After 39 years of championing pupils in a remote region of Scotland, a former teacher celebrated winning a royal award the same day she retired.
After initially thinking the email was a fraud, Anne Paterson, 60, toasted her OBE for education services with a bottle of champagne.
In Argyll, Ms. Paterson spent her entire career. She began as a teacher in the classroom and ended up as Argyll and Bute Borough Council’s chief education officer.
She taught in Oban, Inveraray Primary, Ardrishaig Primary, Lochgilphead Primary, Minard Primary at Park Primary and was awarded the Scottish Headteacher of the Year in 2006 while she was at Inveraray School.
Her enthusiasm for education encouraged her two daughters to follow in her footsteps as well. At Wallace High in Stirling, Emma Paterson teaches, while at Inveraray Primary School, Kirsten Rennie is the head teacher.
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I’m an Argyll girl, I went to school, then I went to Jordanhill and I wanted to go back,” she says, “but then the inevitable thing happened, I got married to an Argyll farmer, and the rest is history.
Friday was a crazy day with a lot of texts, but now it’s sunk in, I suppose.
Actually, the email came to the email address of my husband John and he said to me,’ come and see this.’ I couldn’t believe it. We sat there for a while wondering whether it was a scam. I was very really humbled, speechless, and unusually for me.
It was my last day of work, too, now that I’m retired. It’s better to leave when you’re at your highest, I’ve always said.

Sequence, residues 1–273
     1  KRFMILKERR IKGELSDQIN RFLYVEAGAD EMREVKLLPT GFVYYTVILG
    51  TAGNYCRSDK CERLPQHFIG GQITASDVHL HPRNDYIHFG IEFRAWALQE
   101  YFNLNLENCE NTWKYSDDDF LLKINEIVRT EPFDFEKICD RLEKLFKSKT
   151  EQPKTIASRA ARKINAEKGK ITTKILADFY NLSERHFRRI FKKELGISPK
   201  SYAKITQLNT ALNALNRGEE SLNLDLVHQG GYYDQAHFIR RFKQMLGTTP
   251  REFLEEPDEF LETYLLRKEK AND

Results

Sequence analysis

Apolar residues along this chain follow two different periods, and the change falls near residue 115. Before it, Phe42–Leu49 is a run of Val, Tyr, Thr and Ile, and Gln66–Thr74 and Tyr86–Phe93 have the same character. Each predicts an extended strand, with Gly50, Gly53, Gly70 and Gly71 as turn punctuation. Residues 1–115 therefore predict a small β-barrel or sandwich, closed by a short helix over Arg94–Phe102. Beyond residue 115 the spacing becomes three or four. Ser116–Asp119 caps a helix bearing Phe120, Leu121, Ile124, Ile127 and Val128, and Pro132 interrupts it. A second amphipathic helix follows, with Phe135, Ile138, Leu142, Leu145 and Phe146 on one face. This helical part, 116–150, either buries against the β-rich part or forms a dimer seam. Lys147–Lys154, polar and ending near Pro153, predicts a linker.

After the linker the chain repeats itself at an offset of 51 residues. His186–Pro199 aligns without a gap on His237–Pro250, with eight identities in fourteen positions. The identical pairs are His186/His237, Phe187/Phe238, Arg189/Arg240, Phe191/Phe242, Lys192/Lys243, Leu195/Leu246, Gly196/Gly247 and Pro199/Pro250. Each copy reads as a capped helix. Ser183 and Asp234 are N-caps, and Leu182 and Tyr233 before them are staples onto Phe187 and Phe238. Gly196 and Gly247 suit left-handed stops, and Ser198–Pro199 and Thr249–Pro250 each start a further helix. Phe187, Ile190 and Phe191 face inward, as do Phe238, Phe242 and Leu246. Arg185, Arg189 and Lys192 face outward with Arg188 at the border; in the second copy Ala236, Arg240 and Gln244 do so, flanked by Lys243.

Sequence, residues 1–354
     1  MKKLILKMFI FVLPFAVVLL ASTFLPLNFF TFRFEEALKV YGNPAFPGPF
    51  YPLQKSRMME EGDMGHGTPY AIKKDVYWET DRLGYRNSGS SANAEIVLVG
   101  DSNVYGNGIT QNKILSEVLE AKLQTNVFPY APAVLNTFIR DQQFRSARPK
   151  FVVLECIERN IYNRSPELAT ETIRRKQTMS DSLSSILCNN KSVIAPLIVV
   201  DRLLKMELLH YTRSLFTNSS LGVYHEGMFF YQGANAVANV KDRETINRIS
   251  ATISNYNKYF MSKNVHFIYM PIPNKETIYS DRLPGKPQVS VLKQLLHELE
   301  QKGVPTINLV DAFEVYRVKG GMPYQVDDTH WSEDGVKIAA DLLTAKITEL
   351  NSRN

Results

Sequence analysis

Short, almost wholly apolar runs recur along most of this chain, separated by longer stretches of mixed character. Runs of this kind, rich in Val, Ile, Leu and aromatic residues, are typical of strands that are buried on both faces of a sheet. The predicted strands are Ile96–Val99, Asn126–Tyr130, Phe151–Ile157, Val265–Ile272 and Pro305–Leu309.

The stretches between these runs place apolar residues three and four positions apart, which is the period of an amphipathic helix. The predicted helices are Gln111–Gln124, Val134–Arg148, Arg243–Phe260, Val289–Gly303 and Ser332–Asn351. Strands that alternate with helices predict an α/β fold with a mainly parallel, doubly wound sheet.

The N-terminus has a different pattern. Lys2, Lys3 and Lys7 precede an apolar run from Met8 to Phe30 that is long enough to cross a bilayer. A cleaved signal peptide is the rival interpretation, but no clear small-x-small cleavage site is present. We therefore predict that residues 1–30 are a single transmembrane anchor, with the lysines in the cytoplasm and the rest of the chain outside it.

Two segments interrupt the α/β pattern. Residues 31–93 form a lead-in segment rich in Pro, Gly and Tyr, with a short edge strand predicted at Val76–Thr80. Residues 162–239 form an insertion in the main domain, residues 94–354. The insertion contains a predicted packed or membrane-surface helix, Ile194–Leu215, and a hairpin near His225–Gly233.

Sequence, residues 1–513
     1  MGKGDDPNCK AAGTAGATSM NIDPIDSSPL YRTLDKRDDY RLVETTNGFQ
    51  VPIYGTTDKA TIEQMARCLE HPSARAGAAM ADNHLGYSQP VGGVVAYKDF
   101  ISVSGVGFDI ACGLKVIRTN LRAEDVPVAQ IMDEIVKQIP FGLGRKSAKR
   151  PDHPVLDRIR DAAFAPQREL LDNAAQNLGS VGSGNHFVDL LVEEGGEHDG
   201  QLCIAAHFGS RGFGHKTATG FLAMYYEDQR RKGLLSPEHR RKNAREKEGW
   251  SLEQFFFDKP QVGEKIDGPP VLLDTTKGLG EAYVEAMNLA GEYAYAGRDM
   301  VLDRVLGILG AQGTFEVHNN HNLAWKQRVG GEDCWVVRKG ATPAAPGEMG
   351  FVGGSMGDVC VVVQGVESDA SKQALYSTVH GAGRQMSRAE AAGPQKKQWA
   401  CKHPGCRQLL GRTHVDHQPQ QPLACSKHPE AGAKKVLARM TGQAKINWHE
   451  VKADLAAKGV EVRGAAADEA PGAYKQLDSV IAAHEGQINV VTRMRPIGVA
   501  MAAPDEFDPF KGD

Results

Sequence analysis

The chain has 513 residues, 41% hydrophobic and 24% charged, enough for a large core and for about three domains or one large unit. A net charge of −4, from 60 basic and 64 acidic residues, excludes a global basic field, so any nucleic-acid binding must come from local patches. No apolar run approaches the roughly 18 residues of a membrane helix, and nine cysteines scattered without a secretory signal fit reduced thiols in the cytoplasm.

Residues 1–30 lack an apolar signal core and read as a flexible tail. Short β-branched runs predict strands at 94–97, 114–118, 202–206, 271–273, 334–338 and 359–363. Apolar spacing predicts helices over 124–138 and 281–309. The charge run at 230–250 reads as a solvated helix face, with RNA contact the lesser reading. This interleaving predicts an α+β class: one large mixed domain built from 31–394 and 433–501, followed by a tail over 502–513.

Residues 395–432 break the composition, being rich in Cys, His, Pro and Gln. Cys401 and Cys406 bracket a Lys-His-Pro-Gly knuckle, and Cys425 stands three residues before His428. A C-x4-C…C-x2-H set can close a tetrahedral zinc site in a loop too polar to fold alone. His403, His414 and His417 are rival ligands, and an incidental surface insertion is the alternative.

The couple recently left their hill farm on Loch Fyne above the village of Minard and have settled in the village now.
Ms. Paterson said she agrees that there is a lot more strain on teachers than they were when they began.
She said, “I seem to remember that there was a feeling of being freer to push the curriculum that you felt the children needed,”
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I’ve always been adamant about that, that the program needs to be focused on the kids you have. We must make sure that this is not a structured program.
However, the former teacher will not be leaving education altogether; she plans to seek a part-time doctorate at the University of Strathclyde in rural education.
“There is very little research on rural education in Scotland,” she says.
There’s Canada, there’s America, there’s Australia, but there’s so little here, so I felt like I had to look at that.
Where you come from, rural or urban, and how you grow, I think it matters. There is a really strong community around the school in the country and that brings a real sense of belonging and who they are.
“Something that summed that up for me is the Native American proverb that says, ‘Give your children roots first and then wings to fly.’ That’s something that’s always been close to my heart.”
For her voluntary service to St. Magnus Cathedral and the Orkney community, Marlene Croy of Kirkwall received a BEM.